Do you have a similar analysis for Ma Long or Xu Xin or Fan Zhendong?

      If you did, maybe it would help you see why your approach to this issue is limited. In fact do it for ML FZD all 3 matches this year.
      I do. I naturally do this in my head for every tt match I watch. I sometimes watch the same match multiple times.
      However, I don't have time to explain all the nuances to you. You already got a free lesson out of me in the last post
      Instead of making baseless arguments with strangers, you should spend more time learning to appreciate the finer points of TT. Next time you watch a TT match, try to focus more on the spin, placement, and tempo, as well as long/short services. These are frequently the key elements seasoned players use to disrupt their opponents.

      I will say this though, matches between ML and FZD are especially fun. You really get to see how two technically complete players try to out play each other tactically. In each set, the losing one will adjust their game to surprise the other. And they can make these adjustments so quickly, because they can execute all types of shots well (in other words, they are fundamentally sound).
      In terms of technique, power, and speed, ML, FZD, TBoll, LGY, and XX are all nearly flawless, even though each of them has unique strengths over others.
      That's why their world rankings are so high and will likely stay high unless there's injury. It's generally difficult to beat them using one set of strategy, because they will quickly adjust and counter it. Their opponents must constantly improvise throughout the match.

    16. Top | #231
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      Quote Originally Posted by usualsuspect View Post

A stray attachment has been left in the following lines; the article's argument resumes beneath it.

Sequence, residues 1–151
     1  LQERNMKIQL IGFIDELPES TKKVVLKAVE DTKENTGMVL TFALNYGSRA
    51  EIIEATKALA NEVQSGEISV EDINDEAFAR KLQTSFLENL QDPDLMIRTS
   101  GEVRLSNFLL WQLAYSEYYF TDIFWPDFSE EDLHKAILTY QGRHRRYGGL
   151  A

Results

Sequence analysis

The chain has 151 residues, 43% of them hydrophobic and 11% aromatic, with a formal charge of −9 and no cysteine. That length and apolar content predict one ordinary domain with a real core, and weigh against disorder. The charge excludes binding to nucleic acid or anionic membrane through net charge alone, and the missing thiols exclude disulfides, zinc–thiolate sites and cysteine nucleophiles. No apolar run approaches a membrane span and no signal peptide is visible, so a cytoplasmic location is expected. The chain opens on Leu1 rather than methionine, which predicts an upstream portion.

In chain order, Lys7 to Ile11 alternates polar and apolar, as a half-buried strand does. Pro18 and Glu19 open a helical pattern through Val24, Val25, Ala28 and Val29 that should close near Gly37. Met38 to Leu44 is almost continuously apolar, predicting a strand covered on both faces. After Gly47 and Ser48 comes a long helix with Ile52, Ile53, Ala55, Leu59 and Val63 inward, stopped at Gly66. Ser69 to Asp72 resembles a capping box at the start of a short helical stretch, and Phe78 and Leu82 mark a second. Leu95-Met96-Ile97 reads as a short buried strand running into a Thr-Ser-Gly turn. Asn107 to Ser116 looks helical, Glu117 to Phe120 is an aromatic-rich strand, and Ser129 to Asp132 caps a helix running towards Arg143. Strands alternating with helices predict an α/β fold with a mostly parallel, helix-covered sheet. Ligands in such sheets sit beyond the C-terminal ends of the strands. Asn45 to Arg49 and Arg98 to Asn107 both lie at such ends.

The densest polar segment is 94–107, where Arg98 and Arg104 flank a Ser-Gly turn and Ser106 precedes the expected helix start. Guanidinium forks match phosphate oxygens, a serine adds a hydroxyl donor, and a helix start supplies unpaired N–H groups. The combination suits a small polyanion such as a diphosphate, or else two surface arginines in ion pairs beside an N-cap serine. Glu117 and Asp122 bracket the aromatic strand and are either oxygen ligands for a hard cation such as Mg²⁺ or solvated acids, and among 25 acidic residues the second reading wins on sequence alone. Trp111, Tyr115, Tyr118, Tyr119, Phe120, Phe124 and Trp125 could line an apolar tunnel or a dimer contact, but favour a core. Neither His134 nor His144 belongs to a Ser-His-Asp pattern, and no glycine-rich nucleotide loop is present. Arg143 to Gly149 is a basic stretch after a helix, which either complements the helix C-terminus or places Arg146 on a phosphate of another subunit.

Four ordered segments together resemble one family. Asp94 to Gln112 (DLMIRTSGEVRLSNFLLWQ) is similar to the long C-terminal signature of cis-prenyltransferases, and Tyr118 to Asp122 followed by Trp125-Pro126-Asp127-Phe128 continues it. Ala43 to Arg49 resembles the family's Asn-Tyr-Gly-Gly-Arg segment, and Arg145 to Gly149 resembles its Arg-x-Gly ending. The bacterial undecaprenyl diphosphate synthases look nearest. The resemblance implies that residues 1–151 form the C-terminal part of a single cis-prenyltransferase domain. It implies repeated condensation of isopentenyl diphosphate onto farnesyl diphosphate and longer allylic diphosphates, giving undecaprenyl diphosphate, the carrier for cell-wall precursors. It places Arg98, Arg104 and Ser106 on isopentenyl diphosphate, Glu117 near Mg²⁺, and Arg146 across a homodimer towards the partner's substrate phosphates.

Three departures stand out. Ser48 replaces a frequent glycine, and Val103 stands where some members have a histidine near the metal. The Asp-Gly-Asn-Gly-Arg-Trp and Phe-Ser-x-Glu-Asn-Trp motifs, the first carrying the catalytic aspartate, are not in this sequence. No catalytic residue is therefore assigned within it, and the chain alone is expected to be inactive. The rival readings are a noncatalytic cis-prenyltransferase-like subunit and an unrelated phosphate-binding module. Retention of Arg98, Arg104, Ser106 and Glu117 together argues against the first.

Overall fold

I do. I naturally do this in my head for every tt match I watch. I sometimes watch the same match multiple times.
      However, I don't have time to explain all the nuances to you. You already got a free lesson out of me in the last post
      Instead of making baseless arguments with strangers, you should spend more time learning to appreciate the finer points of TT. Next time you watch a TT match, try to focus more on the spin, placement, and tempo, as well as long/short services. These are frequently the key elements seasoned players use to disrupt their opponents.

      I will say this though, matches between ML and FZD are especially fun. You really get to see how two technically complete players try to out play each other tactically. In each set, the losing one will adjust their game to surprise the other. And they can make these adjustments so quickly, because they can execute all types of shots well (in other words, they are fundamentally sound).
      In terms of technique, power, and speed, ML, FZD, TBoll, LGY, and XX are all nearly flawless, even though each of them has unique strengths over others.
      That's why their world rankings are so high and will likely stay high unless there's injury. It's generally difficult to beat them using one set of strategy, because they will quickly adjust and counter it. Their opponents must constantly improvise throughout the match.

      Thanks but there was a specific reason I asked the question. We see TT differently. Sun Wen won quite a lot of points from service winners and serve return winners. Is that in your analysis as well? And are those also weaknesses of Harimoto? Isn't it easier to conclude that in many ways, Harimoto got ambushed by someone he didn't know how to play and would likely win a rematch? Of course if Harimoto loses to CNT players all the time for the next 6 months, I may rethink that.

      It is easy to pretend that tactics are special. But players work on their game all the time. Pretending you know what Harimoto and Ito can or can not improve is interesting.

      The funny thing is that I might even know who you are or someone who knows you. TT in Atlanta is not that big so just about everyone knows everyone.
      Last edited by NextLevel; 3 Weeks Ago at 09:03 PM.